During this time, Wendy has started on the room design and we've been slowly purchasing new/collecting second hand furniture and accessories for the space.  

What will be the dining room has been serving as our temporary living room until the work is completed. 

It's a "temporary" (okay, so temporary means more than a year in our tortoise speed style of renovating) set up that has worked well to date, but it's going to be so great when we can spread out in the new living room...and not have to stare at a partially stripped fruit wallpaper border.

This blog post and project was done in partnership with Master of Plaster. Master of Plaster supplied the base and finish coat plaster but all experiences and opinions of the restoration plaster product are our own. For more details on Master of Plaster, and for information on how to purchase, please visit the Master of Plaster website.

Comments 12


6/2/2016 at 1:14 PM

Are we having fun yet??!!?? Alt smile I'd rather get plastered!! franki


Ha! Me too.Alt smile

Julia Bockerstette
6/2/2016 at 4:40 PM
when are accepting visitors :)
6/4/2016 at 1:53 PM

What a huge step in progress--looking good. Even your temp living room is cute and cozy. Can't wait to see the actual one all done. Those before/after photos will be amazing!
Meanwhile, any porch-party pics to share?

6/9/2016 at 7:50 PM

Wow, that looks great! I've followed you method using joint compound working on my 1916 DC bungalow, and I can't say that I enjoy working with the joint compound (I eventually switched over to the easy sand version for the top couple coats, using the regular hard setting stuff for the base layers).

What sort of coverage does the MoP end up giving you? 38 gallons seems like a lot for a second (nonfinish) coat, but it looks like that room is huge. At some point soon I plan on tackling my own living/dining room, and this seems like a far more forgiving material to work with. What are the dimensions of the walls you are covering?

Thanks for the great write up (as always!)


Sorry for the late reply. From our experience the coverage estimate on the container/literature for MoP is pretty spot on. Our room is quite large at about 32' long and 12' wide, so normal sized rooms will require a good amount of product, but not as much as we used. I do love that I don't sand this at all. Way less mess for sure, and way smoother than joint compound.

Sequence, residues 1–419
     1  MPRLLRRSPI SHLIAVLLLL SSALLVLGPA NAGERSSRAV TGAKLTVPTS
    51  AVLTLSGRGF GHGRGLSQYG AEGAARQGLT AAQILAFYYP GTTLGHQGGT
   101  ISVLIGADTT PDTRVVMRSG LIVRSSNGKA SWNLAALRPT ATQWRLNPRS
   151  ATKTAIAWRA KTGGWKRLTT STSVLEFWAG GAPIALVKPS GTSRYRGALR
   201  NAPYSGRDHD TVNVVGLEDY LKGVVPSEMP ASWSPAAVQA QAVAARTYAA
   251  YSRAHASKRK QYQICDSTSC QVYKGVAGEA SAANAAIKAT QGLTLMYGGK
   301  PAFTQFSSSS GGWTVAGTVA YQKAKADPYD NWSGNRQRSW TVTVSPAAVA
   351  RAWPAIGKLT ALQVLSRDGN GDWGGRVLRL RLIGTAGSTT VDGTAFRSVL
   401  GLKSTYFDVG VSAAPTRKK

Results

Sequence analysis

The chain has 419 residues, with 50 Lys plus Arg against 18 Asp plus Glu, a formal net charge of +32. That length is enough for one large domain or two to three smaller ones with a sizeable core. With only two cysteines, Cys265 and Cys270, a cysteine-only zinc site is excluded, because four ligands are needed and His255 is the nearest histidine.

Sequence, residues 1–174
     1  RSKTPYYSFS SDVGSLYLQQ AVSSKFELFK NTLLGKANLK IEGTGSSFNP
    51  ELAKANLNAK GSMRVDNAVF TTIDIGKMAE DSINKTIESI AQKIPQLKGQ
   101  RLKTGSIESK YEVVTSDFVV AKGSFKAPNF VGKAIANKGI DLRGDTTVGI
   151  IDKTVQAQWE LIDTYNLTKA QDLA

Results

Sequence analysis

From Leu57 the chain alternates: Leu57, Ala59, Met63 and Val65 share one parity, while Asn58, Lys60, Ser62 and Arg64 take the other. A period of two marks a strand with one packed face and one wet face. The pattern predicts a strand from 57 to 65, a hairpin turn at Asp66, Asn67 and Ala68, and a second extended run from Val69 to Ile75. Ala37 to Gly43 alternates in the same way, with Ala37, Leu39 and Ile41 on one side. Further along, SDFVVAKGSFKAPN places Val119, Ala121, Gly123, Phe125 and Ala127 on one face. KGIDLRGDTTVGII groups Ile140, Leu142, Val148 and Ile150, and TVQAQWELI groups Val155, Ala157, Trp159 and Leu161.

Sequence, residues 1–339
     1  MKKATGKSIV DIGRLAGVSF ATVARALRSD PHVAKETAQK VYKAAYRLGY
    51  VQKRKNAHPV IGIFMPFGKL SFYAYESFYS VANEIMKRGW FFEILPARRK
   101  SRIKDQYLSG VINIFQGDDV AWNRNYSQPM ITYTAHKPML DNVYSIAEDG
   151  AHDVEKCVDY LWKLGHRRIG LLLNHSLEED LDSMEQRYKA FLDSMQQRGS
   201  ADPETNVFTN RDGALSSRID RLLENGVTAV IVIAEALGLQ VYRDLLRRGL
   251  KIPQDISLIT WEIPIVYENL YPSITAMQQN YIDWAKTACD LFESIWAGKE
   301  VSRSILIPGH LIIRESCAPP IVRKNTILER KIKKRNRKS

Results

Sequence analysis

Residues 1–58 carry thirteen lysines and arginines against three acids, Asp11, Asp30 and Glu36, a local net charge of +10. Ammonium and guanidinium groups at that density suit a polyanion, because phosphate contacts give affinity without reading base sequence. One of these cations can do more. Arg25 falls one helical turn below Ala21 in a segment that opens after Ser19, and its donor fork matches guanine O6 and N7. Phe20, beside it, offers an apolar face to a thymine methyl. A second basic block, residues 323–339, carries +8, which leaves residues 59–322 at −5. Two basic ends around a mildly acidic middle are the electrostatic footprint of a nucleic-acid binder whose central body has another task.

6/28/2016 at 9:55 AM

Great work there, nice post!

8/5/2016 at 2:44 PM

Great write up! This is very helpful for me in deciding what I want to do to address my plaster issues in my 120 year Queen Anne. I've looked at the MOP product online and it sounds great but I'm a bit concerned about coverage and cost. 38 gallons for a base coat is a lot! And my area appears larger than what you did. If I remember correctly this stuff runs about $100 a gallon plus shipping.

6/15/2017 at 9:00 PM

Is this another option instead of the joint compound? Or is this just a different situation? I found your website after googling how to fix cracks and huge pieces of plaster on walls. Thanks!


Hi Whitley! Yes, this is an alternate and more appropriate solution to correcting issues with plaster, as it uses the same materials that your plaster was likely made from to start with. Joint compound does work, but it can have problems down the road depending on what it's being applied over top of. Our walls looks great today and you'd never know he rough shape they were in before we repaired them. Best of luck.

1/13/2018 at 3:37 AM

I have enjoyed reading this wonderful article about plastering service. Really, entire discussion is more helpful and all the tips are more effective too. I am very glad to go through this kind of helpful article. Thanks for sharing a nice article.

11/16/2021 at 12:14 AM

Can't wait to see the actual one all done. Those before/after photos will be amazing!